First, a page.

Sunday, April 19, 2009

Busy busy fun.

I choose this color for Spring is in the air. Carlos and Ricardo and their families have just finished pruning the vines and David is going to weed the roadway up to the house. I'm sure hoping that Sue's Girls' Weekend coming up is great fun for her and her buddies. How could it be otherwise?
This is going to be her first time ever without me. Between construction and the vines and tending the fields, I may have spent as much as two months on my own, but this is a first. We decided not to have our "Farmhouse Weekend" this year, but we will both be faithfully back together for Balloon Weekend. By then, I'm hoping that we will have in the new windows, too! The outside shower and other advances will follow during the summer.
Big Table will see lots of sunsets, wood fires, and light of every shape and color reflected off cheerful wineglasses.

Saturday, April 11, 2009

Whitman College

Liliana flew over with her friends Mel and Kelsey to visit Whitman during the open house for prospective freshmen. Both her brothers got in to Whitman and neither wanted to attend. Liliana is also lukewarm. Of the three girls, only Mel seems to want to apply.

I don't get it. The quality of the programs, the close-knit campus life, the passionate educators...Whitman is wonderful! From all the universities we visited with the boys and all the conversations that we have had with other students, only two other colleges have rivaled the abounding joy we keep hearing about from the students. They love Whitman. Very similar responses to Middlebury and to Wesleyan, but rare! Maybe Liliana knows that I want to make her the official gopher-getter if she attends...

Thursday, April 2, 2009


Rainy, windy, cold...brrrrr...and wonderful all the while. Must never again get caught up in anything that keeps me off Grape Hill. Here now and feeling right about the world. Snow on the Blues. We're into April yet hardly anything has started to bud. The vines remain dormant, so I got lucky in being able to prune this late without concerns.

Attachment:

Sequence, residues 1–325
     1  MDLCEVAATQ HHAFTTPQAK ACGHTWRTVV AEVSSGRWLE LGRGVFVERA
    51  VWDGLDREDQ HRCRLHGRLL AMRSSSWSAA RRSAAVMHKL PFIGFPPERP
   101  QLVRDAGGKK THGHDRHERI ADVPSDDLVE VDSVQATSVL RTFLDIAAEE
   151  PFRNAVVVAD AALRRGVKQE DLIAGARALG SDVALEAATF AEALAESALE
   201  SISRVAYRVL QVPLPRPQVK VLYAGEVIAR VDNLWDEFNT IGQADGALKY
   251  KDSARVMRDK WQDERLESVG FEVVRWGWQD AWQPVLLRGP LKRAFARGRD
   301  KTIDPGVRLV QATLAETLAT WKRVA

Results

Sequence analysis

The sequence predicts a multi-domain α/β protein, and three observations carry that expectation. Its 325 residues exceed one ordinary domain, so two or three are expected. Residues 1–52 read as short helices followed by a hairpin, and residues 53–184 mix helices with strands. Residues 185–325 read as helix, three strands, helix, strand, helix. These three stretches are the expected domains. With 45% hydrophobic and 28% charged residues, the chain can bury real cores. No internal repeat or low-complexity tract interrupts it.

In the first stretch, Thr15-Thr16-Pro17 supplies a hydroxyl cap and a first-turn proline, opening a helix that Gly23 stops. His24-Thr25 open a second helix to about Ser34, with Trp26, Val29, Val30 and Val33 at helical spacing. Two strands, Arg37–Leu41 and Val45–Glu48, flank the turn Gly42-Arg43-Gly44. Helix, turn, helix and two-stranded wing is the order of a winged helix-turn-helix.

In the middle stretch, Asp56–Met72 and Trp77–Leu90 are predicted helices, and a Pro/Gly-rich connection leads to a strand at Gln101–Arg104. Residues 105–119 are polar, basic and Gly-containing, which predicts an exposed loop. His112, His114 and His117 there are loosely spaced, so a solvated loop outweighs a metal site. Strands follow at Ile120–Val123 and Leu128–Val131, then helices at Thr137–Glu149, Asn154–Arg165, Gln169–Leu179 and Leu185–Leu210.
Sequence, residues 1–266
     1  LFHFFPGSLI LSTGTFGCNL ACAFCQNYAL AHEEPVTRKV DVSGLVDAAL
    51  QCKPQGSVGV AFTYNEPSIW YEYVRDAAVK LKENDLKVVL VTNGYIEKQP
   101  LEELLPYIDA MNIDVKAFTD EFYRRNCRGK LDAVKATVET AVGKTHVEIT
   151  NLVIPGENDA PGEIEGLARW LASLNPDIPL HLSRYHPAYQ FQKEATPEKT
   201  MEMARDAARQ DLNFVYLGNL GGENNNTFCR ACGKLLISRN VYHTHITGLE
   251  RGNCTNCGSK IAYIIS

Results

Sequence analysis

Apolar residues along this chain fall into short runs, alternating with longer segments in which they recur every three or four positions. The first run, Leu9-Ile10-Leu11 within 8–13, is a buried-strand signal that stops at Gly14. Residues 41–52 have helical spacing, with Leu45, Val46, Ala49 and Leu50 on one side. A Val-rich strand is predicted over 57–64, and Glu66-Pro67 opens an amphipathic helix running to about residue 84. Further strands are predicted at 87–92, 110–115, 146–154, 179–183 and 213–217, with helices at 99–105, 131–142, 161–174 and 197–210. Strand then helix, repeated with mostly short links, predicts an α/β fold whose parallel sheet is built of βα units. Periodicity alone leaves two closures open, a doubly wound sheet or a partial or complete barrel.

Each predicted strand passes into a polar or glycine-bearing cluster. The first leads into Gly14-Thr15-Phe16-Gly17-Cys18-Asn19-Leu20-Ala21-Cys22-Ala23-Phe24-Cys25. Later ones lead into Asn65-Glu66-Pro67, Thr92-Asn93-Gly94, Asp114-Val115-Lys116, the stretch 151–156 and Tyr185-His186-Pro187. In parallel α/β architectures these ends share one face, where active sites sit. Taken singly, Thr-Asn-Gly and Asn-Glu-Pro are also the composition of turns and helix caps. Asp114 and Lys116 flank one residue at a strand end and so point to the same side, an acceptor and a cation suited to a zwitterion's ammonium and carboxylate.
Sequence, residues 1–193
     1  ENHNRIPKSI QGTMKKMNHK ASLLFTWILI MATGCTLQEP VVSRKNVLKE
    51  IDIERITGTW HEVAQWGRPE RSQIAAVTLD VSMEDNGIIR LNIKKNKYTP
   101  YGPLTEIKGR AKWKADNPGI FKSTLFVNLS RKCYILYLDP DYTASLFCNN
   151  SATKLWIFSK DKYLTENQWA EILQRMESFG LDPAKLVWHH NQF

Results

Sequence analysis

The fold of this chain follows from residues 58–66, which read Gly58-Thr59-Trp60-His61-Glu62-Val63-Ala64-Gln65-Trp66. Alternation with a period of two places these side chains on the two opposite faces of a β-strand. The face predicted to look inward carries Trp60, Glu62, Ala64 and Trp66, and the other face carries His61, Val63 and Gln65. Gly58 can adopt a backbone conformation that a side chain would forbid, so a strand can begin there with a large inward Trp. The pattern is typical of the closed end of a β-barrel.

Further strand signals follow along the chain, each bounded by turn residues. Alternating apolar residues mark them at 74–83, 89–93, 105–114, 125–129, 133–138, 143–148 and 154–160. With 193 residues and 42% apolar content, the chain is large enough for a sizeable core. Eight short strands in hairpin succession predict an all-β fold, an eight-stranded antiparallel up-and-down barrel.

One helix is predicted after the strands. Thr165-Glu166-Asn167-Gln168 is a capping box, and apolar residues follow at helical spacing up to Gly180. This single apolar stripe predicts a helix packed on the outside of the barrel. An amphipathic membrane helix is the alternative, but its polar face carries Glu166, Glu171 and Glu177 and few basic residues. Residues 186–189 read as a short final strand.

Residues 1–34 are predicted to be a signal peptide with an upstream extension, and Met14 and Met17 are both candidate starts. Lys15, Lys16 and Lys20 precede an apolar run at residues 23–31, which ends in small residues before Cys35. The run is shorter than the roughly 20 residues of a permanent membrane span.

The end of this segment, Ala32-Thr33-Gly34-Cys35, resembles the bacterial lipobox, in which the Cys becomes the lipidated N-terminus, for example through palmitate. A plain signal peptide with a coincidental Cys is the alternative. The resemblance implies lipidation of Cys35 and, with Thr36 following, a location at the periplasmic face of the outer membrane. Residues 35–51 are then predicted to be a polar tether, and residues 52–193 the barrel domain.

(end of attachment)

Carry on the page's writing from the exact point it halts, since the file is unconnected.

Grape Hill has not changed, except that we put up "Ramon" (the working name until somebody comes up with another). I tried last night to mount the Bordeaux boxes high up on the center pillar and then realized that this was not worthy of a life or death commitment...balancing on one foot with level and hammer, nails in teeth, twelve feet about the concrete floor and leaning around to measure, level, hammer while hooking my other foot around the pillar. Nope. So, our memories of Bouliac are much closer to ground-level. Still, it is such a pleasure to look at these wineboxes! Each time I glance at these makes me think of collecting soil from Ch Margaux, Ch Mouton, Ch Latour, Ch Laffitte, Ch Haut Brion, Ch Petrus, Ch Cheval Blanc, and Ausone (maybe?). Midnight, in the rain, no signs to go by, and barking dogs getting too close for comfort...maybe Ausone, maybe not...

Soil from each of these vineyards went into the loess soil here in the Little Vineyard. I tried the cabernet this week, the '08 that just came off malolactic fermentation. It is rounding out and far less of the tartness. Not a huge wine and certainly not something noteable, but this could blend really nicely with the syrah. The syrah, on the other hand, gets me on my tippy toes...blueberry and violets, bacon fat and cassis...pretty pretty girl!

I hardly ever go to wineries anymore, tasting more often just with friends or visiting winemakers with friends from elsewhere when we are here together. I really like wine tasting, it's just that Grape Hill is three-dimensional and not a wine thing per se. Walla Walla Brewery is doing some terrific beers. I had my first martini, my first hard liquor drink ever at Grape Hill, the other night. Didn't feel odd in the least. More than anything, I don't drink a whole lot anywhere, so the wine thing is really about the land and farming and connections and celebration rather than about consuming.

There are times when I feel that "king of the world" thing, knowing that having this land is the product of my vision, my effort, and it is REAL. But much more often, I feel privileged to have this Grape Hill in our lives. I feel the responsibility of stewardship and I feel immensely protective, yet the Native American's have it right...nobody can own the land or the sky or the water's flow.